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‘Greedy surgeons’ blamed for private health death spiral

The private health industry is in a death spiral and needs an urgent rescue plan that includes reining in “greedy surgeons” who charge exorbitant fees, a public policy think tank says.

May 20, 2021, updated May 20, 2021
Rural doctors say they are being nudged away from involvement in maternity cases. Photo: ABC

Rural doctors say they are being nudged away from involvement in maternity cases. Photo: ABC

In a report on the industry the Grattan Institute says the federal government and industry leaders need to join together and forge such a plan.

The report’s authors, Stephen Duckett and Greg Moran, say the plan needs to “rein in greedy surgeons who charge patients exorbitant fees” and stop private hospitals keeping patients too long to give them care they don’t need.

They also urged an end to “the rorts in the prosthesis and device supply chain so private patients and their insurers pay no more than public patients”.

It was also necessary to ensure private health insurers that aren’t giving their members value for money are prevented from charging ever-higher premiums.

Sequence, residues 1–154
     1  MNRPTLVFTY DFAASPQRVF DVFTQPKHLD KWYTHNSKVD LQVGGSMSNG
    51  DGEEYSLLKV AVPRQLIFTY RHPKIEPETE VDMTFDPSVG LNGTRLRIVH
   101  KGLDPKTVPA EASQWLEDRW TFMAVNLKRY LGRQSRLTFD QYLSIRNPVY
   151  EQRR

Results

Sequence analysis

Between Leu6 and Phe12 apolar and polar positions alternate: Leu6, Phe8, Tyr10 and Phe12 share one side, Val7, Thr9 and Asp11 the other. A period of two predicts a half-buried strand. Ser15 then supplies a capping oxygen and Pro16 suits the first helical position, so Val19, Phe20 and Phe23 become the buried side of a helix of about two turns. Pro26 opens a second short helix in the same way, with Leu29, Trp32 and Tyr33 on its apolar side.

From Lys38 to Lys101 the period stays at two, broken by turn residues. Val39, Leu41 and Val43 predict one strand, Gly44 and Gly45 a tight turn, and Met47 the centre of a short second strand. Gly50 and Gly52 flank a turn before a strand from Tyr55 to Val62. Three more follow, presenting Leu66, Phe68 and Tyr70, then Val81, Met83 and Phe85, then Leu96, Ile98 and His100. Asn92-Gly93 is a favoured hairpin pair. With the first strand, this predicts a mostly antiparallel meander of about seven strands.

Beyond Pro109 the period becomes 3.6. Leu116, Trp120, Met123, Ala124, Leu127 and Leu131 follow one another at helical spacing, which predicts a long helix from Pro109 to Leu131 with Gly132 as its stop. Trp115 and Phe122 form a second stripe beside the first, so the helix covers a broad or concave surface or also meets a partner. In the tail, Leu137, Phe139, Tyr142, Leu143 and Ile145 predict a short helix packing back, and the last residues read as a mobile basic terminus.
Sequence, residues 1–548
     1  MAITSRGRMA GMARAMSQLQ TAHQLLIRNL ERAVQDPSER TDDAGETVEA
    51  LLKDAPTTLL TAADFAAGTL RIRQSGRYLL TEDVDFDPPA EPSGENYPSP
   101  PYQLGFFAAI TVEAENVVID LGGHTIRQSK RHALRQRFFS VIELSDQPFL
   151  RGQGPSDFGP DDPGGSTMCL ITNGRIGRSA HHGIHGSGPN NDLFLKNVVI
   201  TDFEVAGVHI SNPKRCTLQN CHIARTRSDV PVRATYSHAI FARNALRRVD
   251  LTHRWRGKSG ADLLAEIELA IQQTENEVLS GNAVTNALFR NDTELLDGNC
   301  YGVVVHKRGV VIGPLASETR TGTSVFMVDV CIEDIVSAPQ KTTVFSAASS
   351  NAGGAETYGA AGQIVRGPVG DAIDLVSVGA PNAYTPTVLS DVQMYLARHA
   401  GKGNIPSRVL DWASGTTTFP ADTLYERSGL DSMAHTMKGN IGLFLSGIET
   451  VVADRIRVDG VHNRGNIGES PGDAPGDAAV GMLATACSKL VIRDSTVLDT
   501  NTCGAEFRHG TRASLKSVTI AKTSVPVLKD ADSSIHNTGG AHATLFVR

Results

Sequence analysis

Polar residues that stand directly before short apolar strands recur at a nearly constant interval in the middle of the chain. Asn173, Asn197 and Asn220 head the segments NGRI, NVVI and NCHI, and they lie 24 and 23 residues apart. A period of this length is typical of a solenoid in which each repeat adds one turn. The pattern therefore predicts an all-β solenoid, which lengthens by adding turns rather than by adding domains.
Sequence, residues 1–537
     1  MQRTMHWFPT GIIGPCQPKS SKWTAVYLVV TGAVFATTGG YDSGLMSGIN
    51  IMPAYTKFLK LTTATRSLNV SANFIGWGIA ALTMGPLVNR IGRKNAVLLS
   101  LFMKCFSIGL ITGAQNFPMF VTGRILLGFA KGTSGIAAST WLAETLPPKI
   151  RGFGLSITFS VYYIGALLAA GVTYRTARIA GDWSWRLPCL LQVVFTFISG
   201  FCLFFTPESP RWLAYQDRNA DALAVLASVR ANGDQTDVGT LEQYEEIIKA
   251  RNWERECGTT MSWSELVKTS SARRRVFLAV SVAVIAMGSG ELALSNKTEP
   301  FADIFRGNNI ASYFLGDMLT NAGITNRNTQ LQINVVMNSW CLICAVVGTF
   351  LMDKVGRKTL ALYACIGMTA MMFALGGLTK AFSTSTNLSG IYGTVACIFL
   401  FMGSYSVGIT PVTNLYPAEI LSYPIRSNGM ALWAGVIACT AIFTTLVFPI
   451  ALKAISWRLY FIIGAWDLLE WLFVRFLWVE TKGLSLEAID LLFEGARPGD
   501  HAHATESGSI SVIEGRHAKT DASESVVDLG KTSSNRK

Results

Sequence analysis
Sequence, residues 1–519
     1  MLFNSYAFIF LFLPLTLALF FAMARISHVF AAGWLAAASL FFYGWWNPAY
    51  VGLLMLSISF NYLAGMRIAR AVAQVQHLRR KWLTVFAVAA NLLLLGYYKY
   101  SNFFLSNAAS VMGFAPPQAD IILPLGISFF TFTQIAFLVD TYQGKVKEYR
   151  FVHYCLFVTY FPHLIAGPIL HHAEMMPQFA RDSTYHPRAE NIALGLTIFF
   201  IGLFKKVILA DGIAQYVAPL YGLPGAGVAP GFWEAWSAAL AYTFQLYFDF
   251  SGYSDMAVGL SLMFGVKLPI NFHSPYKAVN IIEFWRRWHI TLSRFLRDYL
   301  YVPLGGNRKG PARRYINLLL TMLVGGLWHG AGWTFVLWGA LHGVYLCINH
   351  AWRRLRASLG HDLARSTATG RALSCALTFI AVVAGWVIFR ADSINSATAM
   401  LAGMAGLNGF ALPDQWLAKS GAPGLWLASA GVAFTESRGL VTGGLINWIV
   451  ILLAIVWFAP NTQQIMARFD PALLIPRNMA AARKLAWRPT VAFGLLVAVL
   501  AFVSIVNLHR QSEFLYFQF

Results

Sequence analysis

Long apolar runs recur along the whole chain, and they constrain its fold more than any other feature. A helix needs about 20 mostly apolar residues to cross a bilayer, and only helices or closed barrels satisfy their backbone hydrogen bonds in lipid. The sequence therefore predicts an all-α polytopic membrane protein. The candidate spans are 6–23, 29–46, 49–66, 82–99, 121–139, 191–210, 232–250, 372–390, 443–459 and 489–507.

“The industry was in a death spiral before the pandemic and it’s still in a death spiral today,” the report said.

“For the past 20 years, private health insurance premiums have been rising faster than wages and inflation. Australians are paying more but getting less.”

Rising premiums make health insurance less affordable, leading to younger, healthier people dropping their insurance so the insurance risk pool gets worse and premiums go up.

“A small number of surgeons charge patients way more than they should,” the report said.

“About 6 per cent of specialists’ services in hospitals are billed at more than twice the Medicare fee, and these services account for 89 per cent of patients’ out-of-pocket costs.

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“Patients who have been paying insurance all their lives are understandably angry to get these surprise bills.”

The report said over-servicing was much more prevalent in private hospitals than public hospitals.

“Ensuring private hospitals don’t keep patients in hospital longer than necessary and don’t give patients care of little or no clinical value could cut private health insurance premiums by about 5 per cent,” the authors said.

Exposing the prostheses market to competition could reduce the cost of hip and knee replacements and further reduce premiums, they said.

“The Minister for Health should be more willing to reject premium-rise applications from insurers that can’t show they offer their customers good value for money.”

 

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